An Army Wife's Life

Once upon a time I was a college student, then I was a teacher, and now I'm a mother. Technically, I'm currently a freelance writer... but really I am an ARMY WIFE. Expect to find... funny (at least to me) anecdotes, thoughts about la vida military, hopes, anxieties, dreams, commentaries on current events.

Tuesday, August 22, 2006

More Pics of Miss Lilah

Just Hours Old:

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Arriving Home:

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Five Days Old:

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Announcing Miss Lilah Margaret

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Sorry if I worried everyone. It has been a LONG two weeks! Blogging will be light until DH returns to the Sandbox...

Here is the story of Lilah's entry into the world:

My water spontaneously ruptured--which was what was worrying me when I found out she was transverse.

My friend graciously picked me up at 2:30 am on the 8th. Three doctors consulted because they were not sure if she was still transverse or not. Meanwhile, a nurse tried to get an IV in me and I refused. I wanted a hep lock. She kept saying--but when you have a c-section...I kept saying, but that is not certain yet.

Finally, they decided Lilah was a little twisted, but head down enough to proceed.

They allowed me to labor for about 8 hours but I was not making any progress at all--in fact I went backwards. With the water broken they urged pictocin. They put it all the way up and I handled it for about 2 hrs. I tried to play my hypnobirthing tapes but they kept interrupting any relaxation I was able to achieve. When they said it was going to still be a long while, I went for the epidural.

My mom was delayed at the airport--she was due in that day at noon! She arrived just as they were prepping me for the epidural.

Then we started to make progress...but I developed an infection, and the contractions stopped really working. With the epidural wearing off and pushing past the 24 hour mark, I still managed to get her out. I told the midwife there was no way I was having a c-section after 24 hours of labor!!! (OF course if it had been life or death I would have--but other than that I was determined.)

Lilah Margaret was born on August 9, 2:38 am, and was 7 lbs, 2 oz, 19.5 in. I have never felt so perfectly warm and wonderful as when they placed her on my chest.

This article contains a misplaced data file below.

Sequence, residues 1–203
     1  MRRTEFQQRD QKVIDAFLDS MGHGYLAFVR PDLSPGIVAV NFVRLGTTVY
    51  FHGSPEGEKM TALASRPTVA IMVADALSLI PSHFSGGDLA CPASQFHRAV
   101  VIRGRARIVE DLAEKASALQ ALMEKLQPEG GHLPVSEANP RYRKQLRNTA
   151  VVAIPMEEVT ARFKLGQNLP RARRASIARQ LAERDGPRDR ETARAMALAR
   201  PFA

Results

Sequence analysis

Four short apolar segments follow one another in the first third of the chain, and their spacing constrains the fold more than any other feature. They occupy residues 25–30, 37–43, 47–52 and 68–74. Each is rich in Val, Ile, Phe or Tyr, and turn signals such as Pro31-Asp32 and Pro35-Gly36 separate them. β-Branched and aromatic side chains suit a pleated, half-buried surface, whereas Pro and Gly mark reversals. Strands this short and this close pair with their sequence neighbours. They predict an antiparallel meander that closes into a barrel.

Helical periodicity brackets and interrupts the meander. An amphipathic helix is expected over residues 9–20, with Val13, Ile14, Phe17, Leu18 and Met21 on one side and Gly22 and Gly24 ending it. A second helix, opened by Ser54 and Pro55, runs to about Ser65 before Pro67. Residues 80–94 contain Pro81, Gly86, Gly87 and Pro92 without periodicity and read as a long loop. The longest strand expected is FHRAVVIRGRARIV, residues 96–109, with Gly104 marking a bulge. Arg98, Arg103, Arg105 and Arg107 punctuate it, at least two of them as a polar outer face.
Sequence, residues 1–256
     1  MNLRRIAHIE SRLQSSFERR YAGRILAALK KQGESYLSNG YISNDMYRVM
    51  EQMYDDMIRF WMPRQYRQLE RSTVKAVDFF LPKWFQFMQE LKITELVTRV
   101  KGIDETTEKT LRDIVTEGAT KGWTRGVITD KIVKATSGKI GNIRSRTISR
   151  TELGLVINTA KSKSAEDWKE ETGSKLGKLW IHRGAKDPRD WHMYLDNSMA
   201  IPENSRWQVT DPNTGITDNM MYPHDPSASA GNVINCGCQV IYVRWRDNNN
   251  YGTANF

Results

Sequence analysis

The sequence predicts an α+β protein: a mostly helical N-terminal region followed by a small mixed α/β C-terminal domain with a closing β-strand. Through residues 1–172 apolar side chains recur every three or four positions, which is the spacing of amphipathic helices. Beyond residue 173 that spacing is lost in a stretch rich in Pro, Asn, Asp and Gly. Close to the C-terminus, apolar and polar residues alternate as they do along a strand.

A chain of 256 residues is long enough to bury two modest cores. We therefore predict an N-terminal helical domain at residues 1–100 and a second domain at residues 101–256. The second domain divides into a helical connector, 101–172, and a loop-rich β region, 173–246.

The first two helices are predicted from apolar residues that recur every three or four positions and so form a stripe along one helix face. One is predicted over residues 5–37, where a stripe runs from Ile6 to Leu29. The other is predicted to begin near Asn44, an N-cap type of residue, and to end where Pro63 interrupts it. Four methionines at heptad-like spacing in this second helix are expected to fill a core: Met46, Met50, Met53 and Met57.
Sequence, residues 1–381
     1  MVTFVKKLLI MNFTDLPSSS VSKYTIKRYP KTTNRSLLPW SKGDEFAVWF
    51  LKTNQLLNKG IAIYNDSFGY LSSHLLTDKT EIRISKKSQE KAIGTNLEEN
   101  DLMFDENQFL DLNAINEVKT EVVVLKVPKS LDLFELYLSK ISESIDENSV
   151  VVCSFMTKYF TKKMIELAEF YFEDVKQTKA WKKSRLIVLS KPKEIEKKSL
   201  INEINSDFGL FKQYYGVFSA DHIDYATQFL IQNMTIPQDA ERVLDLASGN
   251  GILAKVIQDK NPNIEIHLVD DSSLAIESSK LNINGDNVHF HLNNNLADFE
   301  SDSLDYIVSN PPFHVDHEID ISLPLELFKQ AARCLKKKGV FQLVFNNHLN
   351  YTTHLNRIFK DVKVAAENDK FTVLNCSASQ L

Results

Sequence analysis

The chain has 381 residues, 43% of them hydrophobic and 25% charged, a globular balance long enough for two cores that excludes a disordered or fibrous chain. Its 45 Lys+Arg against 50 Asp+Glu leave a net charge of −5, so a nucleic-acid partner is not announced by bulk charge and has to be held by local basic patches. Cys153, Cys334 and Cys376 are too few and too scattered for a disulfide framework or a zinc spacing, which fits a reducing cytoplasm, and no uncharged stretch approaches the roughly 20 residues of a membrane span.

Over the next two days, the doctors came to me with increasingly worrisome reports about Lilah having a heart murmur. Finally, they decided to transfer her to San Antonio...but at the last minute decided it would be safe for me and my mother to drive her down so I could continue to breastfeed her along the way.

Unfortunately, at San Antonio we discovered that she has a condition known as Tetralogy of Fallot. Lilah will require surgery sometime between 3-6 mos. Later is better as she will be stronger. Please pray that she will require the surgery closer to 6 mos and that they will be able to salvage the artery so she will not require future surgeries.

In the meantime, Lilah is behaving like any newborn--I just have to keep her extra calm and take exra germ precautions.

DH was able to hear Lilah's first cries on the phone and arrived back home for leave the day after our San Antonio trip.

Thank you all for your prayers and good wishes!


Sunday, August 06, 2006

Usual exam can miss potential breech births

Yeah, no kidding...

Usual exam can miss potential breech births

THURSDAY, Aug. 3 (HealthDay News) — The usual examination that doctors perform to determine the position of a baby in a mother's womb in late pregnancy
isn't sensitive enough and misses breech and other abnormal fetal positions, a new Australian study suggests.

Knowing the position of a baby in the womb is important, because if the fetus isn't in the normal head-down position — called cephalic presentation—vaginal delivery may be difficult or impossible. A non-cephalic presentation discovered after the start of labor can increase complications and even result in the death of mother or child.

Just for the record, I am far from obese (the article notes this increases the difficulty of determining fetal presentation)...but my midwife did not notice my transverse.

I agree with this recommendation:

One expert thinks that ultrasound should be done in late pregnancy to
accurately determine the infant's position in the womb.

In light of this, I hope these late ultrasounds become standard.

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Transverse Update

Thank you everyone for your words of support.

I know you will understand that DH and I will have to make the decision that is best for us and Lilah.

I've gotten over the surprise that Lilah is in the transverse lie position at over 38 weeks. and am focusing now on encouraging her to turn and remaining as relaxed as I can so that she can turn if she is ready and willing.

Transverse lie is NOT breech. It carries a whole different set of risks if I labor too long or my water breaks while she is in this position.

I am still hopeful that she will turn one way or another (on her own or with help) and I will be able have the natural birth experience for which I have been preparing.

Part of the difficulty is that there are basically two camps and they each think the other is completely wrong.

One camp argues that current External Cephalic Version (ECV) is a very safe procedure that turns some babies that would not have done so on their own. The success rate is by no means outstanding, but it is well-documented in actual clinical trials.